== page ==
Insulin Dysregulation in Older Horses

Not all obese horses are insulin dysregulated and not all insulin dysregulated horses are obese.
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Not all obese horses are insulin dysregulated and not all insulin dysregulated horses are obese.

Sometimes occurring as a stand-alone, or going hand-in-hand with PPID, horses experience insulin dysregulation with high resting insulin blood levels, abnormal insulin responses to feeding and glucose administration, and tissue insulin resistance. This condition is most prevalent in overweight or obese individuals such as those that have developed equine metabolic syndrome (EMS) due to an excess intake of starch and sugars from too many calories. However, not all obese horses are insulin dysregulated and not all insulin dysregulated horses are obese.

Obesity is associated with chronic inflammation and insulin dysregulation, and these developments can lead to laminitis and/or osteoarthritis.

The objective in managing insulin dysregulation is to improve insulin sensitivity by feeding calorie-restricted diets with low non-structural carbohydrates (NSC) and implementing regular exercise regimens. An obese horse should be fed with a weight loss target. This usually entails offering 1.5% of its body weight in low-NSC (<12%) hay, i.e. about 15 pounds for a 1,000-pound horse. Use a scale to weigh the hay to ensure that no extra is fed. To reduce the sugar content of hay, soak it in water for 30-60 minutes, then pour off the supernatant to remove the dissolved sugars.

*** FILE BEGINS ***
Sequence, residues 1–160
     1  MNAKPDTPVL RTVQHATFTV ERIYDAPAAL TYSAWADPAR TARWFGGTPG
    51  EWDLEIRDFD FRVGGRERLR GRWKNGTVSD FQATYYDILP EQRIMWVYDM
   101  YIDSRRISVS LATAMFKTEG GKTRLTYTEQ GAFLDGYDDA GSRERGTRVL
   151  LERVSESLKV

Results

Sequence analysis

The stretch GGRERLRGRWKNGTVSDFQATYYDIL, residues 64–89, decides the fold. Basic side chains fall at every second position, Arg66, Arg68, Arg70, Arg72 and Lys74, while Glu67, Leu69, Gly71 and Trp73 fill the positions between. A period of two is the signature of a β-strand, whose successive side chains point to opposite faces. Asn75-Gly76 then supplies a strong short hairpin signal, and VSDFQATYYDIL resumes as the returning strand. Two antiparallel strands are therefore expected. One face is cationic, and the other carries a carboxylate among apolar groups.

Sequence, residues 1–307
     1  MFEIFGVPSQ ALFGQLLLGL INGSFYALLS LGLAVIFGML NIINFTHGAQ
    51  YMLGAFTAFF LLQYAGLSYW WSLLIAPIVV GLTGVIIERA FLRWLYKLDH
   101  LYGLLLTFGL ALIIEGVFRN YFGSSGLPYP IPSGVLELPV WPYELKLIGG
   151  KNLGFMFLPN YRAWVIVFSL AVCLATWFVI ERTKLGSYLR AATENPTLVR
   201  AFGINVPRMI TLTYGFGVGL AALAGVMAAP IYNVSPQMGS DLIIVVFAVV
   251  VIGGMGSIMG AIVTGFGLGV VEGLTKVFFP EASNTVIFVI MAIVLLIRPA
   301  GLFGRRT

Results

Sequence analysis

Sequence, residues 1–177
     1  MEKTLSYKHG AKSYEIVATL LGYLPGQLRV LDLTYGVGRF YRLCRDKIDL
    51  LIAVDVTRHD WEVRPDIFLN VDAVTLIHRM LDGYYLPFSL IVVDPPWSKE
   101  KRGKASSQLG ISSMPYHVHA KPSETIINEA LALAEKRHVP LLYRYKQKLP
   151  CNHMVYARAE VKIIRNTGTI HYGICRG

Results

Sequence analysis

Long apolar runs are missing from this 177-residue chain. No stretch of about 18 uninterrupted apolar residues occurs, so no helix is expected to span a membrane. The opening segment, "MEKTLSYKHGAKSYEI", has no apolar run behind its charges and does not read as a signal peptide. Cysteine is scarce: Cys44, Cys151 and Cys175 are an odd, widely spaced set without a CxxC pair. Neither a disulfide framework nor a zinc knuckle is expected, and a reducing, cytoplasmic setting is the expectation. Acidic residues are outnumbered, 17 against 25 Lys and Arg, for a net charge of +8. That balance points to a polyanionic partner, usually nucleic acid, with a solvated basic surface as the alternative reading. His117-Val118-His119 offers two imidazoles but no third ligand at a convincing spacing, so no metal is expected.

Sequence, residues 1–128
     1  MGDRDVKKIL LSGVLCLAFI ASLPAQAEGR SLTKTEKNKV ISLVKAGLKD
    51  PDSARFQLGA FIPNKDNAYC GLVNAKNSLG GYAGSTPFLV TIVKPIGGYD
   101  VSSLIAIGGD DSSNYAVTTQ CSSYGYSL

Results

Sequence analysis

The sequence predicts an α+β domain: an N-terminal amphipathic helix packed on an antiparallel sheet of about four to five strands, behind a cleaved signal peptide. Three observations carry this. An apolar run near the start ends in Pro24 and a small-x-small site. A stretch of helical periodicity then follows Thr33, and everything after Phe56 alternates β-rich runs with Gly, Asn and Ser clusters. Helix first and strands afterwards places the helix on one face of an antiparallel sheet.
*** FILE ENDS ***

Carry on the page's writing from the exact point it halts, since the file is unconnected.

A horse with insulin dysregulation should be kept off pasture since pasture grasses are rich in fructans (sugars) and carbohydrates, especially when grass is stressed by drought or frost, and also at certain times of the day, like afternoon hours. Pasture grass is also at its richest in NSC after a rain, during rapid spring growth, and as it enters winter dormancy in the fall. Either restrict access to pasture altogether or only turn out for an hour or two with a grazing muzzle during the early morning hours. Do not offer supplements such as grain, complete feed products, or molasses-containing products. The only safe supplement to feed is a low-NSC feed that is commercially prepared with the insulin-resistant horse in mind.

Molasses-free beet pulp soaked in water provides some nutrition and fiber, and rice bran or vegetable oil provide useful calories for horses that aren’t necessarily obese but do suffer from insulin dysregulation.

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